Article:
Monday, July 23, 2012

For Love of the James - An Interview with Tim Barry


Tim Barry is a Richmond, Virginia musician whose roots bury down into the bare soil of the early Mid-Atlantic punk scene, and who, 25 years later, can frequently be found on the road with alt-scene standard bearers like Hot Water Music, Gaslight Anthem and Lucero.  I've been a fan of Tim's for about two decades and while his writing has always drawn strongly from the eastern Virginia area we both hail from, it's grown increasingly so, and increasingly intimate, over the last decade.  I decided to reach out to Tim to discuss his new album 40 Miler, his current American tour (wrapping up in Baltimore on July 28th), and his freight train riding habit......and figure out exactly why Richmond, the James River, and Virginia in general are so special to him. He was happy to oblige. 

River Mud: So,  I grew up in York County.  As you wrote in "Wezeltown," “All I am is where I’m from.” Given that, are you a Henrico boy or a Hanover boy?

Tim Barry:   Well, neither actually.  I moved from Fairfax, Virginia to the City of Richmond in the 1980s and have never technically left.  Now, keep in mind, I’m 40 years old and I grew up in the old Fairfax – we played with electric cattle fences, to give you some idea.....  I am so thankful to have lived there before Fairfax became what it is now.  But you know what, I’m also thankful to have seen over time, with my own eyes,  what happens when the public doesn’t intervene in the development of an area – when for-profit interests oversee it and they tell the people and the local government who should live there and what it should look like and what the place should actually be.


River Mud:  Your writing, for two decades, has centered around the streets, train lines, and shorelines of  Richmond and the James River. I understand that focus on - or that return to - that one central, special place, and a lot of outdoors people understand that.  Tell us why the James River is so critical to your writing and your life.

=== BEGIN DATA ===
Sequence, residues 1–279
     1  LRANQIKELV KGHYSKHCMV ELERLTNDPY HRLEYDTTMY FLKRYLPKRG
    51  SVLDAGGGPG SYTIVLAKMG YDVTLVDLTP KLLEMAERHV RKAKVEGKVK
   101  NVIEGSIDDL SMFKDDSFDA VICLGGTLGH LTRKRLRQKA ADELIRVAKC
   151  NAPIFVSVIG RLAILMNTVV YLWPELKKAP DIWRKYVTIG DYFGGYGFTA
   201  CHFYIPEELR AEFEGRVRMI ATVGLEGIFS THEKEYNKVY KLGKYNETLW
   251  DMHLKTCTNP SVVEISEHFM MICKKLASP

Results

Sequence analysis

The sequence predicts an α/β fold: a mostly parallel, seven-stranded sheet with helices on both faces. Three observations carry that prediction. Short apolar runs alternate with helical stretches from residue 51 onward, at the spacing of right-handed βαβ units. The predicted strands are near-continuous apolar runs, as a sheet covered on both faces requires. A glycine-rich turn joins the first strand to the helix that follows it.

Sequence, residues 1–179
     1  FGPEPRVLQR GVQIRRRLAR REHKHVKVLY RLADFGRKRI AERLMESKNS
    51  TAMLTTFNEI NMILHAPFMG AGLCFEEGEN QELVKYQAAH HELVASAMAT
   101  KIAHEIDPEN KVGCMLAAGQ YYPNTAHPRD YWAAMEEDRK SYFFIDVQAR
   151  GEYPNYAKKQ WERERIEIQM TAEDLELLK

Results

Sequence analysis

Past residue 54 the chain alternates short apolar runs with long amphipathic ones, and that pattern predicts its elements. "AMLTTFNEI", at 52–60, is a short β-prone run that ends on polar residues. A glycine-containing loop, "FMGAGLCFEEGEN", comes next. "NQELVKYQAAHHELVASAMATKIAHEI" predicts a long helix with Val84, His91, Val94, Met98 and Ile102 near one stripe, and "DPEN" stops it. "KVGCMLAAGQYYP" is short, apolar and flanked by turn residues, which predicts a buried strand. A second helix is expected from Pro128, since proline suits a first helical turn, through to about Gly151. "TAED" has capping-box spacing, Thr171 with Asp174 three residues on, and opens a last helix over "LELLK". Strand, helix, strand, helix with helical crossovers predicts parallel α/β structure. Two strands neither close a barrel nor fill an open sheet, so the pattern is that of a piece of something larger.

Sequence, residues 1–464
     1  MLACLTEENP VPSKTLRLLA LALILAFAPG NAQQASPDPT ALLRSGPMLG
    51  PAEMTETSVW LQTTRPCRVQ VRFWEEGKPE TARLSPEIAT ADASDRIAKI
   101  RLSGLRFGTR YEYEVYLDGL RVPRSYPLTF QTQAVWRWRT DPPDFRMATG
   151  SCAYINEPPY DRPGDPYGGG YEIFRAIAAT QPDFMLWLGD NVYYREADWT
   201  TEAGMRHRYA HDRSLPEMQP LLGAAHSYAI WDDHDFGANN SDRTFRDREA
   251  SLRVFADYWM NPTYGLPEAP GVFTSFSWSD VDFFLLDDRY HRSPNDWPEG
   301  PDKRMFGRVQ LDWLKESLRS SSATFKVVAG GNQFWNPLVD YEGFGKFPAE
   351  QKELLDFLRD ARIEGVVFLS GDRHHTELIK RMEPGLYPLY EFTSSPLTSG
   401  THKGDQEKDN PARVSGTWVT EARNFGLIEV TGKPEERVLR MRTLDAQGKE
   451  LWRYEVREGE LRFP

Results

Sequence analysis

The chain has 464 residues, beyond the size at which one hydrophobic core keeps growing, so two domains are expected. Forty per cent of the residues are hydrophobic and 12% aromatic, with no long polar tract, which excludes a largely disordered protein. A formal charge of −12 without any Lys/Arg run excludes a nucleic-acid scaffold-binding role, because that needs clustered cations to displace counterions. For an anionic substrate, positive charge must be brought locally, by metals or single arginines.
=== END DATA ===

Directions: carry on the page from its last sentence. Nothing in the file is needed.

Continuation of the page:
Tim Barry:  Man, we could talk about this all day!  For as long as I can remember, the James River has been where I ran to, my refuge.  The River has been the only place in my life where I have found pure content.  It has filled my life with memories, so many things I’m fortunate to have experienced have happened on that river.  I’ve also spent a lot of time on the James River alone – and you know – being outside by yourself is its own thing.   A camp fire without friends means that you become filled with thoughts and questions about yourself and your life.  The solitude brings an intense internal conflict.  You are forced to tune into the struggle inside.  You question yourself about things you were so sure about.  A campfire with good friends is kind of the opposite.  But it's easy to find yourself alone on the James.

The James River is just an intimate place for me.  All my pets have gone back to the earth there.  It is simply where I go – and 20 years later, my house is less than two blocks from the trailhead.  It also makes me think about a lot of those adult issues like pollution and zoning and clear cutting forests and people getting sick in the river….that’s my river, you know.

And as Richmond keeps trying to sell itself as a passageway to the outdoors (RM note: Outside magazine refers to Richmond as "Best Town Ever, 2012" and one of America's "Great River Towns" ), there is, or there should be, some real pressure to keep that outdoors access safe and clean for the people.

River Mud:   I feel the same way about some of Virginia's swamps.  They are part of me, and I feel like when I arrive there or pass through, they welcome me as I return home - and I'd sure like them to be around, and accessible, and safe for the next 10 generations. Is there a place where, once you hit that point, you know you are nearly home, despite the condition you're in, or the circumstances?  That you will probably survive or succeed, because you are back to a place that you fundamentally understand?

Seaboard Line crosses the James in Richmond
Tim:  Oh absolutely, but since I travel back into Richmond from so many different directions, it's different  from each angle.  From the north, it's the countryside between the Potomac and Richmond, along US 301.  From the west, it's the sight of Afton Mountain and the Shenandoah Valley.  It raises the hair on my arms and my thoughts turn to my chickens, my garden, and cold beer at home. 

From the south, it's the factories in Petersburg and then the James River.  Riding over it on the rails or the road, looking down and seeing if the shad fishermen are out, or campers are on the banks, or what.  And also it's the moment when my dog Emma, who travels with me, gets her first scent of the River - you’ve never seen anything like a sleeping dog that awakens to that smell of home, either in a truck or a box car…..she’s done at that moment.  she’s ready to cut loose!

I have a name for these, "symbols of re-entry."  I want to find more, too.  My wife and I bought a paper map of Virginia roads and we've committed to travelling every back road we can, stopping in every little town and corner and monument to see all the things that history might forget.  We highlight each road we've traveled, and now we are at the point where we need to start booking hotels because we've hit everything within a half-day's drive of Richmond, it seems.